Prospective borrowers in the midprime — 620 to 679 credit score — range saw APRs drop from 16.73% the week of March 15 to 11.55% the week of March 22. This was a decrease of almost 31% immediately after the second emergency rate cut by the Federal Reserve, when the federal funds rate fell to near zero.

Of note, midprime and subprime — 619 credit score or lower — average offered APRs were almost identical at the start of 2020, while there was an almost 6 percentage-point difference by the end of June. The average offered APR for prospective prime borrowers — 680 credit score and higher — has come down by almost 2 percentage points compared with the beginning of the year.

More prospective buyers turn to individual sellers

The end of March saw a rise in interest for individual sellers and dealers. Since then, this gap has only widened.

Individual dealers only saw about a two-week drop-off before big increases beginning in late March through early May. So although dealer incentives played a role in new-car purchases, so did the rising volume of individual sellers.

It’s also worth noting that dealers accounted for the largest share — by far — of queries on the LendingTree platform.

Historically, car-buying inquiries tend to pick up in March through the end of summer. But that may not hold true this year, Jones said.

“I don’t see the volume of borrower inquiries shooting up again like it did in April and May,” she said. “Not only were people who wanted to buy a vehicle suddenly able to — the great deals pulled demand forward — [but] people who might have completed a purchase later in the year had incentive to buy [earlier].”

Car-buying tips during the coronavirus crisis

  • Come prepared: Whether you’re visiting a dealership or you’re buying from an individual seller, be sure to wear a mask (and gloves if you choose) while adhering to your state’s relevant coronavirus guidelines.
  • Call ahead: Potential buyers going to a dealer, for example, can call to ask about safety requirements. It can also be useful for peace of mind to know if the dealers are disinfecting doorknobs, or enforcing mask requirements within the showroom.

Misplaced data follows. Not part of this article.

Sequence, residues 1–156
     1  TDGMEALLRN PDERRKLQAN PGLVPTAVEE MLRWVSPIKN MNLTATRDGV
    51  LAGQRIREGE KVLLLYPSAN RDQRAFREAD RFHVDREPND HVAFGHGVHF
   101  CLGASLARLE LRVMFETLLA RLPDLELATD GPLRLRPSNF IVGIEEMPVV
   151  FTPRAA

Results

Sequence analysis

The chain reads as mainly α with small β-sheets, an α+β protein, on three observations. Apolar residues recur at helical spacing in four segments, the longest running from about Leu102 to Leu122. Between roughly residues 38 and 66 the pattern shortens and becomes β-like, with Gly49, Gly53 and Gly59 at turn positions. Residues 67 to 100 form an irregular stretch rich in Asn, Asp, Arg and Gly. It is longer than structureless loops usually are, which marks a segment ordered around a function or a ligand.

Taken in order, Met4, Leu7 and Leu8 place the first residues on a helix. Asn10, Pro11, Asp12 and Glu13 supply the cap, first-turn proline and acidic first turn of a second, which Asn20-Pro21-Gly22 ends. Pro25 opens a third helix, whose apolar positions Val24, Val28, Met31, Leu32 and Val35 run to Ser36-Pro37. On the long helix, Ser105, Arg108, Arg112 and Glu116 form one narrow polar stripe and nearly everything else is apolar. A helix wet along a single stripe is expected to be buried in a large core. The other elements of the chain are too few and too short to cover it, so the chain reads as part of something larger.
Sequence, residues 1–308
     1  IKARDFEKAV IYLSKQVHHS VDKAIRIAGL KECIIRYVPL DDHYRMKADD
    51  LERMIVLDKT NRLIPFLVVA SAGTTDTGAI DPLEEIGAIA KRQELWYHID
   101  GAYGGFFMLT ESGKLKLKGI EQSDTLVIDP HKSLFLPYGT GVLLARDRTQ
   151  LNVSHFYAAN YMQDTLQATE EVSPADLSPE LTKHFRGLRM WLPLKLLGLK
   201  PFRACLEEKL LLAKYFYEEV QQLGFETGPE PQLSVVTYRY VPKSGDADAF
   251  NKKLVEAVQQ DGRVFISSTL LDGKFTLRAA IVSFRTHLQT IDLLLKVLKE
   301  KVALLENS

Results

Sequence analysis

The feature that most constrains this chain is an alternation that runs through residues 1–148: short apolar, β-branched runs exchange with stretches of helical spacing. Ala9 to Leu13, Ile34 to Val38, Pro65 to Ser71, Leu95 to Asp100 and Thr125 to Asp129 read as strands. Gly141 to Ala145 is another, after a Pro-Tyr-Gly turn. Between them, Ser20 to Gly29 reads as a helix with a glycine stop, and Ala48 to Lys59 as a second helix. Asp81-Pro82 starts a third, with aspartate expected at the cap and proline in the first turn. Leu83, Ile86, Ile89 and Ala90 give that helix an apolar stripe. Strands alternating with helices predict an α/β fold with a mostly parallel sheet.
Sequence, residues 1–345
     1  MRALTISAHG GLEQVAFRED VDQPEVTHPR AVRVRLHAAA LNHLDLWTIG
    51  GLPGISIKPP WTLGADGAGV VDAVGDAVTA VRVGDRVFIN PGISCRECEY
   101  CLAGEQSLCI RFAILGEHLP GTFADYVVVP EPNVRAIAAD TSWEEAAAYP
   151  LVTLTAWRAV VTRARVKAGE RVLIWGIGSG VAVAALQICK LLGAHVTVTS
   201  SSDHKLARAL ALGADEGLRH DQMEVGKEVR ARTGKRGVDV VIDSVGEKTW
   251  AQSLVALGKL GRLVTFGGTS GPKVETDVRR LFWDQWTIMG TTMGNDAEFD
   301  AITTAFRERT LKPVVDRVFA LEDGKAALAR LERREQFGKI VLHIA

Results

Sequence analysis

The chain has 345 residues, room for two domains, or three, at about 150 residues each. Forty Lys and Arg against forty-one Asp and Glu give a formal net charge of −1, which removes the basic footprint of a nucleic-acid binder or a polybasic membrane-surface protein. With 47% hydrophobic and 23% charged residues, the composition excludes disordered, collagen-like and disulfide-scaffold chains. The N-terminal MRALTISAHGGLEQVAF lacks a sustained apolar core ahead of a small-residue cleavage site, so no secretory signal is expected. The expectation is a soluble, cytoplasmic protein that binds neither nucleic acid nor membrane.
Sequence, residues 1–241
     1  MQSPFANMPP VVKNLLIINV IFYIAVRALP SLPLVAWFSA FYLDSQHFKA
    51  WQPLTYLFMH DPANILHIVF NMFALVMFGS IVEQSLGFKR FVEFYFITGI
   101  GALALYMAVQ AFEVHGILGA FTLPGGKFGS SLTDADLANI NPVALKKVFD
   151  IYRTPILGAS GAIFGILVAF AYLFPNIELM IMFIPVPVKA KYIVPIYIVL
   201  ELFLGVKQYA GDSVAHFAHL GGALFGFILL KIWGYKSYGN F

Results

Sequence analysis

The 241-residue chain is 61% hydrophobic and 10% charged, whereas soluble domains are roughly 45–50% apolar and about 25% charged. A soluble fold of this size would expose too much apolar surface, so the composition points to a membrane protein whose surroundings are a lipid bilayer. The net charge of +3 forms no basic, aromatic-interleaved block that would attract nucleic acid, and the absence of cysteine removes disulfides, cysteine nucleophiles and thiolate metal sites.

• Seek preapproval: For prospective borrowers looking to finance their vehicle, auto loan preapproval can be a great way to ensure you don’t get an inflated APR when the time comes. This can also help minimize the amount of time spent at the dealership.
  • Set the ground rules: Borrowers considering an individual seller should make sure that both parties are on the same page about coronavirus precautions. For example, the seller may offer to wipe down the interior with disinfecting wipes before your arrival. Or the buyer could ask for other precautions as necessary.
  • Consider buying a used rental car: It’s no secret that the pandemic has had a negative impact on the rental car industry, but you can use that to your advantage. Consumers might be able to find a great deal on used rental cars from Hertz, Jones said. There are pros and cons to buying rental cars, so use due diligence.
  • Don’t let the pandemic stop you from getting a good price: Going out in public — or being around someone you don’t know — can be intimidating given the circumstances. But this doesn’t mean that you should feel rushed to come to a car decision or to agree to a price if you aren’t happy with it.

Methodology

Analysts aggregated weekly data from anonymous auto loan inquiries from Jan. 5 through June 27, 2020. The count of inquiries was limited to those received through organic search or offline advertising as changes to online marketing strategies can alter the number of inquiries received. These counts were indexed to the week beginning Jan. 5. All results were limited to queries on car and light truck purchases.